If you could peer deep into one of the many cells in your body, you’d see little blobs, squiggles, and coils. These are the cell’s organelles, structures that perform specialized functions in cells the same way that the lungs, heart, and other organs do in a body.
Mitochondria are the energy factories found in each cell of fungi, protozoa, insects, and animals. Once nutrients are absorbed or digested, they move in the form of minuscule molecules into the mitochondria, which convert the molecules into chemical energy to power the cell.
Chloroplasts undertake a similar function in the cells of plants, algae, and some protozoa. They capture sunlight and, through a series of chemical reactions called photosynthesis, use the light to make energy.
These organelles are absolutely essential to the existence of all higher life forms on Earth. If all of the mitochondria in our bodies were to suddenly shut down, we would die. The same is true for plants were they to lose their chloroplasts.
So where did they come from?
As microscopes improved over the years, scientists began noticing striking similarities in the appearances of mitochondria, chloroplasts, and bacterial cells. They discovered that these two organelles contain their own DNA, or gene set, organized very much like the DNA in bacterial cells.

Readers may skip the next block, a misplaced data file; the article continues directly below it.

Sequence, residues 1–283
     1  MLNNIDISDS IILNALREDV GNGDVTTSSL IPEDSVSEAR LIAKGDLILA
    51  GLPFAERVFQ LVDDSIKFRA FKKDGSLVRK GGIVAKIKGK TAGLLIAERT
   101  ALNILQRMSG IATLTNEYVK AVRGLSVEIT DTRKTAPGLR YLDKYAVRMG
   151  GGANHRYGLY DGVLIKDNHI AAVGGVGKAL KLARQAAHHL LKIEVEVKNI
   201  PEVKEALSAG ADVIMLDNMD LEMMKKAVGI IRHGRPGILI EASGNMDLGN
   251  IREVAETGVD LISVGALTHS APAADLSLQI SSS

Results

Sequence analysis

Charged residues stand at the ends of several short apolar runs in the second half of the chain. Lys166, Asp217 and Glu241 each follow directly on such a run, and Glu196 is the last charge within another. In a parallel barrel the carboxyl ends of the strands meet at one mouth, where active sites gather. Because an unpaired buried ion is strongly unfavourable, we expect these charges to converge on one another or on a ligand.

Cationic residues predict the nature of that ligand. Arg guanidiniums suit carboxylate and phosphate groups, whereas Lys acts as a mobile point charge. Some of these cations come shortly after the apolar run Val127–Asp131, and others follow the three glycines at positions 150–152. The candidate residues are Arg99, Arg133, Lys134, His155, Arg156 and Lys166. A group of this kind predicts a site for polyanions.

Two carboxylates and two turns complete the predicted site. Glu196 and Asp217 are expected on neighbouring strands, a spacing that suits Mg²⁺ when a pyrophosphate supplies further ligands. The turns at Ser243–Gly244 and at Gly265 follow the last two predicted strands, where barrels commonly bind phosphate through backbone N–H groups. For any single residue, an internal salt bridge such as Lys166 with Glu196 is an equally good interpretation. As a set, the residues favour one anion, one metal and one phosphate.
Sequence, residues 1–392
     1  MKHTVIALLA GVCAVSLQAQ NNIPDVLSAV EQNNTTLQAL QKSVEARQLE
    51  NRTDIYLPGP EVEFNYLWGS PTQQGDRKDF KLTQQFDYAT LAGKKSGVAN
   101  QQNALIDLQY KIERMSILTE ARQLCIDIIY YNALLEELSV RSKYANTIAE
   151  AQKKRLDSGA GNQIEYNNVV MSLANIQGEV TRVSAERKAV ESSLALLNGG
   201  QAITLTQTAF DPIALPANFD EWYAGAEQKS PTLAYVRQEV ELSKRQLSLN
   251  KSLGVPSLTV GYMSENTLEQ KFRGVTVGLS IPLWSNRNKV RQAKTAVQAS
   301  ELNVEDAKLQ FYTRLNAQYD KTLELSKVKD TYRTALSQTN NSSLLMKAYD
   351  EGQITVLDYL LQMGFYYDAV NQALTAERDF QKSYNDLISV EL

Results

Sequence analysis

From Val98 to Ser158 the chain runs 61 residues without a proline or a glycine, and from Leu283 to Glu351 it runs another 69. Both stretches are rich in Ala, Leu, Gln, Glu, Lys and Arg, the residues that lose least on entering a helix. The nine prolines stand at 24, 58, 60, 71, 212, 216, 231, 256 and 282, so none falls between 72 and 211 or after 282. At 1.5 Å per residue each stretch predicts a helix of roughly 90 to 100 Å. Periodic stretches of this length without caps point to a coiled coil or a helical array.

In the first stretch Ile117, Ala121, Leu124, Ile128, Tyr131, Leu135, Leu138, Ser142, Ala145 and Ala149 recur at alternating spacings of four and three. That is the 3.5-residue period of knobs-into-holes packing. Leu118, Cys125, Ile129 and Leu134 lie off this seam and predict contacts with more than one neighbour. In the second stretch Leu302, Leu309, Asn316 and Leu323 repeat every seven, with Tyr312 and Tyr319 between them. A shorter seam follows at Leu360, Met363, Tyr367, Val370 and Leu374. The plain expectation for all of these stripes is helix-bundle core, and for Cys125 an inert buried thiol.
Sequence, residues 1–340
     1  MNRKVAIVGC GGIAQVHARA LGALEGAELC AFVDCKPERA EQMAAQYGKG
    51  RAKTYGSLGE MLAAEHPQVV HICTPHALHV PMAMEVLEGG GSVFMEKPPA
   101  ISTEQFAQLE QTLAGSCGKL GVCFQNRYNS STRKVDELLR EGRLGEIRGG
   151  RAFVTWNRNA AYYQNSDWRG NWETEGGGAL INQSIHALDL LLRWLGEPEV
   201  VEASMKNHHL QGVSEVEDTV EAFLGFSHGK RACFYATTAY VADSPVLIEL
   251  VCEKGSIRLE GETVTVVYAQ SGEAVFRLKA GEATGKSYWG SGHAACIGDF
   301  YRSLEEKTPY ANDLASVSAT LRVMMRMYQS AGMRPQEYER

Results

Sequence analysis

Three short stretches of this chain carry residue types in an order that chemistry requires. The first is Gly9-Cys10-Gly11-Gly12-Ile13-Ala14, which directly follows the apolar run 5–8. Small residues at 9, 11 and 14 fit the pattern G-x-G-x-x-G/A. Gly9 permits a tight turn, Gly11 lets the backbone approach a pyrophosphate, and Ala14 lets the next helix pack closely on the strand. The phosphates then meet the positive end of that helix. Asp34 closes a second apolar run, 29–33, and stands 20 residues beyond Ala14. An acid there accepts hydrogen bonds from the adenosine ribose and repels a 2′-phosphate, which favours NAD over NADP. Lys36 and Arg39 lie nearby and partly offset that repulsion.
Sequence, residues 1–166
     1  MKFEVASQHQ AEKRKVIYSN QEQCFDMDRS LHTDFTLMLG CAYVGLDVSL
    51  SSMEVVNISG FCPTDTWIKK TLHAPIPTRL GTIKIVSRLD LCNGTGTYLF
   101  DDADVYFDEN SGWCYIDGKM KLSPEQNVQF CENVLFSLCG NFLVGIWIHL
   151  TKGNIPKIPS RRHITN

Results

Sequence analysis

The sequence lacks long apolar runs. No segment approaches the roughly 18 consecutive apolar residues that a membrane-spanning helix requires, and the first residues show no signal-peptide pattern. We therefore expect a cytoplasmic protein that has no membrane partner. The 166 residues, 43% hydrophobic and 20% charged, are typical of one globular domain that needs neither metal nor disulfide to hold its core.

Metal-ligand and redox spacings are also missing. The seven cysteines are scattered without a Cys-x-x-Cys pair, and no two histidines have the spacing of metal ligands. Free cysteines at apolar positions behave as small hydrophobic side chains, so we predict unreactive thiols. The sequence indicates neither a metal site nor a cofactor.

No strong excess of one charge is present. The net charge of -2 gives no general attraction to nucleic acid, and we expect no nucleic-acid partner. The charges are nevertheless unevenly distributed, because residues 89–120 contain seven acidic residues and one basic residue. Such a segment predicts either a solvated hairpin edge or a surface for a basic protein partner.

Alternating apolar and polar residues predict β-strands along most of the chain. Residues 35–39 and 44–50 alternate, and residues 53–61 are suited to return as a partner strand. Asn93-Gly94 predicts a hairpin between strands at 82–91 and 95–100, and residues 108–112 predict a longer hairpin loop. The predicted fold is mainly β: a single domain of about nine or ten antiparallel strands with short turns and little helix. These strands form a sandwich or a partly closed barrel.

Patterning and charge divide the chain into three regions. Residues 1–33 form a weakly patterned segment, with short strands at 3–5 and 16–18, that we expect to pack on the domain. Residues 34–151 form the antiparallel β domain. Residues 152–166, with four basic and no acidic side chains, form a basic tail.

Mitochondria and chloroplasts also reproduce independently from the cells in which they reside, in a manner very like bacterial fission.
Many microbiologists think it is likely that mitochondria and chloroplasts were once free-living prokaryotes (cells that lack a nucleus and organelles) that somehow took up residence in larger cells.
An Invading bacterium may have infected a cell, then become a permanent resident as it adapted to become less virulent, or the target cell became less susceptible. Or both.
Chloroplasts likely first entered a host cell as food before establishing a successful merger with the cell so they were not digested.